Reviewing Artforum’s Advertisements: November 2011 Edition

Everyone loves a flip-off photo, but a quick call to the gallery confirmed our suspicions about just how terrific this photograph actually is. The picture is estimated to be from 1965, when Ms. Cooper was director at Park Place gallery and three years before she’d open her own space. The photograph was taken at a workspace in the Williamsburg/Greenpoint area of Brooklyn, and the said flipper is, of course, Mr. di Suvero himself. And who do you suppose is walking over to him on his work like it’s a gymnast’s balance beam? Ms. Cooper herself. Stellar! - Dan Duray
When you spent your time studying in France--and, Gallerist reader, don't try to deny it, we know you did--you may have noticed that the most popular notebook brand by far is Claire Fontaine. It's their Moleskine meets black-and-white "composition book." This is where the France-based art collective gets its name. The ad depicts a nouveau readymade that they produced in which they asked their galleries around the world to write them blank checks and accept on faith that they would not cash them. - D.D.
Five people dressed in ridiculously retro drag are staring out at you from the page in this ad for the photographer's upcoming show. What's so great about Ms. Opie's work is how she'll do things like focus on the falseness of the fake mustaches on her subjects' faces. - Michael H. Miller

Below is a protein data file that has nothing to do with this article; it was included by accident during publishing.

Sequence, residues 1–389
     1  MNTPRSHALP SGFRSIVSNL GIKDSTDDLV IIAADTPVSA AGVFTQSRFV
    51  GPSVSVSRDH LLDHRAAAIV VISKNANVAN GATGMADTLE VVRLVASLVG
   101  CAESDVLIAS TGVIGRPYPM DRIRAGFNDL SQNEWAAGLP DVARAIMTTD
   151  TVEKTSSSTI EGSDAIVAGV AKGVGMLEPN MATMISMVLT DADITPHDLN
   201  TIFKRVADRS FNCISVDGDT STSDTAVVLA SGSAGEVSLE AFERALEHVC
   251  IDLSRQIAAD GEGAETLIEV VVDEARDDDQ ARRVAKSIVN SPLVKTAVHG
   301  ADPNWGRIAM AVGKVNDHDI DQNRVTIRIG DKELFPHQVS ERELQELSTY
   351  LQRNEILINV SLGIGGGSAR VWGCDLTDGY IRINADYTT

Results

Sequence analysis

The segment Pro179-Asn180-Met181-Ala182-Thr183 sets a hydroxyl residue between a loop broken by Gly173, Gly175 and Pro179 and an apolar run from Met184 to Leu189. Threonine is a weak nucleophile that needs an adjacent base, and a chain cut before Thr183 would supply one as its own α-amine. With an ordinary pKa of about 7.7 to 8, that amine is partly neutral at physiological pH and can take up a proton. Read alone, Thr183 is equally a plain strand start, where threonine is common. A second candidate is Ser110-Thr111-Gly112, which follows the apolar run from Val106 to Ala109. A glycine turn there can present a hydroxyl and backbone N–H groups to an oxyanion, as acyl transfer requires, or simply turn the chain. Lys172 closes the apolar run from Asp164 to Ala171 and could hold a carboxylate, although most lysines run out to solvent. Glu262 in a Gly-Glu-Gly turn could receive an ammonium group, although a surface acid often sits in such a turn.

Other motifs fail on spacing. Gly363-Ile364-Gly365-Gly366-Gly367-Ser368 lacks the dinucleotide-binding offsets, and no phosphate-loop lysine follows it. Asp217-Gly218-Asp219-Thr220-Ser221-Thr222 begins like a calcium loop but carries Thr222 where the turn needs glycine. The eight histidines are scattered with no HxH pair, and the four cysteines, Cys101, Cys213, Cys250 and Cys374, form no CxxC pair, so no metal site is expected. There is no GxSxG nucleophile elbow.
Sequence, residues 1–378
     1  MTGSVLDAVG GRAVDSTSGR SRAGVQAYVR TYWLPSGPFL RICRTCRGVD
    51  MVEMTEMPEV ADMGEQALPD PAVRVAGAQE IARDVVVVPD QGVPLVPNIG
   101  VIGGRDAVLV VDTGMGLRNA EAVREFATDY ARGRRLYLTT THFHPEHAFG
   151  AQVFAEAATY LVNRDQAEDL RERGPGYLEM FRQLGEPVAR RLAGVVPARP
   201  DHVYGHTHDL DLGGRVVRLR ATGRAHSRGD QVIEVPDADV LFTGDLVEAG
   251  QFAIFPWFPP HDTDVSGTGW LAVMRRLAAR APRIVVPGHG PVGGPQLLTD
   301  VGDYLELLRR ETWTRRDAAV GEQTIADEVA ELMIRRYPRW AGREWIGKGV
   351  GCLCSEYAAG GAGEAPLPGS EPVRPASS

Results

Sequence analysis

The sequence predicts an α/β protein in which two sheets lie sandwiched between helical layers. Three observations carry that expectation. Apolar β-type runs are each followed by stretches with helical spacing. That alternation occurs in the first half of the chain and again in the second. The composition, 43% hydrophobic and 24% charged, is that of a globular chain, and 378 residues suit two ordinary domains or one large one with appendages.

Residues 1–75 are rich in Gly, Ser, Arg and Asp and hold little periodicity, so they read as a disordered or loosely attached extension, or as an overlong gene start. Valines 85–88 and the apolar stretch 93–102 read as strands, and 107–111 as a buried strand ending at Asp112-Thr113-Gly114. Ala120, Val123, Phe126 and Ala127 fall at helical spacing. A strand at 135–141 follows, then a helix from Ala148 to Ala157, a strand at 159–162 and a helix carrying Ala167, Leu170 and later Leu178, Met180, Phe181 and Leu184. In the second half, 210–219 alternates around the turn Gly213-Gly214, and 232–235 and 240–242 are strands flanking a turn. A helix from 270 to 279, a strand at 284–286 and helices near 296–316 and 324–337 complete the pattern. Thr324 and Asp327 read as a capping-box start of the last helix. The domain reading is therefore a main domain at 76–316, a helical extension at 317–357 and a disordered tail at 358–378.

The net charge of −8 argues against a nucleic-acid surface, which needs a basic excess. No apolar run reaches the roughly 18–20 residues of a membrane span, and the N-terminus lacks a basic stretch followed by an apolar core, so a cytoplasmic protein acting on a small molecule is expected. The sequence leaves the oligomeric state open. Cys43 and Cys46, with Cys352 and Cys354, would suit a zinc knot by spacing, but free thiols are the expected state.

This poignant and sad image by Ugo Rondinone is a big departure from his affirmative exclamations like the "Hell, Yes!" that was installed on the facade of The New Museum in 2007. The image is a sad and subtle work of realism that reveals ominous imperfections only when inspected closely. The somber face is so appealing, you hardly notice the significant gap where the arm connects with the rest of the body. - M.M.
Pretty much any ad featuring a Francis Picabia painting would make us swoon, but Michael Werner Gallery has outdone itself here, giving us two works wildly different works that the indefinable onetime Dadaist painted late in his career, in the 1940s. In the darkness of winter, Picabia and Werner promise to bring us to the beach. - Andrew Russeth
Robert Miller Gallery pays tribute to its legendary founder, who died in June at the age of 72, with this portrait by Robert Mapplethorpe, an artist the dealer long supported. As far as we can recall, the opening page of Artforum has never looked more handsome or more dignified. - A.R.

There is much in November’s Artforum to fill us with excitement, like a vicious restaurant review by artist Ken Okiishi, a special section paying tribute to the late Cy Twombly (with essays by Robert Morris, Rosalind Krauss and Arthur Danto, among others) and an essay on photographer Michele Abeles.

However, we are here, as we are every month, to discuss this issue’s advertisements, those early cries for the coming months’ shows. There are a few beauties in this issue. At the slideshow at left, we pick our favorites.

Must Reads

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